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Beth McCoy

Distinguished Teaching Professor of English
Welles 232A
Photo of Beth McCoy

Beth McCoy received her Ph.D. from the University of Delaware and became a member of the SUNY Geneseo faculty in 1997. Her research centers on afro-futurism, black speculative fiction, and race and the book as an object. She also thoroughly enjoys the work of artist Steve Prince. She frequently teaches Literature, Racism, and Medicine, as well as courses centered around the works of Octavia Butler. McCoy received the Chancellor's Award for Excellence in Teaching in 2002. She has published numerous essays, with forthcoming essays to be published in the collections African American Expression in Print and Digital Culture, Reckonings: Essays on American Revenge Narratives, and Cultivating Landscapes of Democracy.

Dr. Beth McCoy is Distinguished Teaching Professor in the Department of English and teaches courses on the housing crisis, African American migration narrative, and W.E.B. DuBois, to name just a few.  She began her work by studying the literature of the Harlem/New Negro Renaissance and has since shifted to the intersections of literary/cultural studies with race and theory.  Currently completing an essay on the vévé of vodoun and the New Orleans' FEMA search and rescue signs, McCoy also continues work on a book on race and the paratext, a word describing marginal parts of books such as titles, footnotes, covers, and dedications.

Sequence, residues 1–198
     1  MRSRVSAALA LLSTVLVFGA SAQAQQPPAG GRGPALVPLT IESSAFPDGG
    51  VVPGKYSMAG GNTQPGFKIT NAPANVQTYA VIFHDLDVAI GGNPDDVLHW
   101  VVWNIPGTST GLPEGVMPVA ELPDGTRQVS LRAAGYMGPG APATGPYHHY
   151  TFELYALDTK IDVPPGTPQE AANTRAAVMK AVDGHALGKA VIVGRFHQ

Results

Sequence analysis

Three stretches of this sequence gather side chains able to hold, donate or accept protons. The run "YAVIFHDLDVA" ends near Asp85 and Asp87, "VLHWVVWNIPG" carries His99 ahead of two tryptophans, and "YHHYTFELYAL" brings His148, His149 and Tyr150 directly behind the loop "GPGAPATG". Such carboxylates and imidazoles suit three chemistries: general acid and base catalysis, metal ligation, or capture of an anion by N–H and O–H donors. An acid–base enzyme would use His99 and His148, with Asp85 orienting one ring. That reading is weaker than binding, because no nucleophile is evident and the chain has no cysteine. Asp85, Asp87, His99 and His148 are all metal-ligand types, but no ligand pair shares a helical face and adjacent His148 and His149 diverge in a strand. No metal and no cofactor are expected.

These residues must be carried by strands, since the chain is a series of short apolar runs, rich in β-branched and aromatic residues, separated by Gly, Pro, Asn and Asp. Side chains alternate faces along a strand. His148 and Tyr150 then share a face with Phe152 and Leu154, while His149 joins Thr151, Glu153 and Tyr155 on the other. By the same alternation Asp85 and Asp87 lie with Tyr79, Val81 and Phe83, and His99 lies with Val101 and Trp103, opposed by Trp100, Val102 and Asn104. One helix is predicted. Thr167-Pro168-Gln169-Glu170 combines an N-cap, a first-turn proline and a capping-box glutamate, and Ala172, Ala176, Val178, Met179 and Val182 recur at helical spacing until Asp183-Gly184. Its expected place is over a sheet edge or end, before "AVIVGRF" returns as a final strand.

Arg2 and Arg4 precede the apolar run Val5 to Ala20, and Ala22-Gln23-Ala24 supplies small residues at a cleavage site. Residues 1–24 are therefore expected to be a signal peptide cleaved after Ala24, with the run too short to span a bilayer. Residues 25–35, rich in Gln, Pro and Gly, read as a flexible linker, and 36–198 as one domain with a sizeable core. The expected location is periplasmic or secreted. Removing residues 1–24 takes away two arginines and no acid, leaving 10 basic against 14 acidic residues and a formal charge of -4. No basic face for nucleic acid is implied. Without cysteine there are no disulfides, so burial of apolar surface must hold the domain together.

Curriculum Vitae


  • B.A., M.A., Ph.D., University of Delaware


  • ENGL 337: African-American Literature

    A study of works by representative African-American writers from the mid-19th century to the present in their cultural and social contexts. The course will cover a variety of genres. Prerequisites: ENGL 203. Offered every spring

  • ENGL 468: TopRecLit:NKJemisin,Just&Love

    A course focused on a narrowly-defined topic, theme, issue, question, approach, scholarly debate, movement, or group of authors in post-1900 literature. In addition to helping students to acquire in-depth understanding of the literature, the course stresses the ability to "join the conversation" that is always ongoing among critics and scholars regarding texts, authors, and topics by engaging with secondary sources.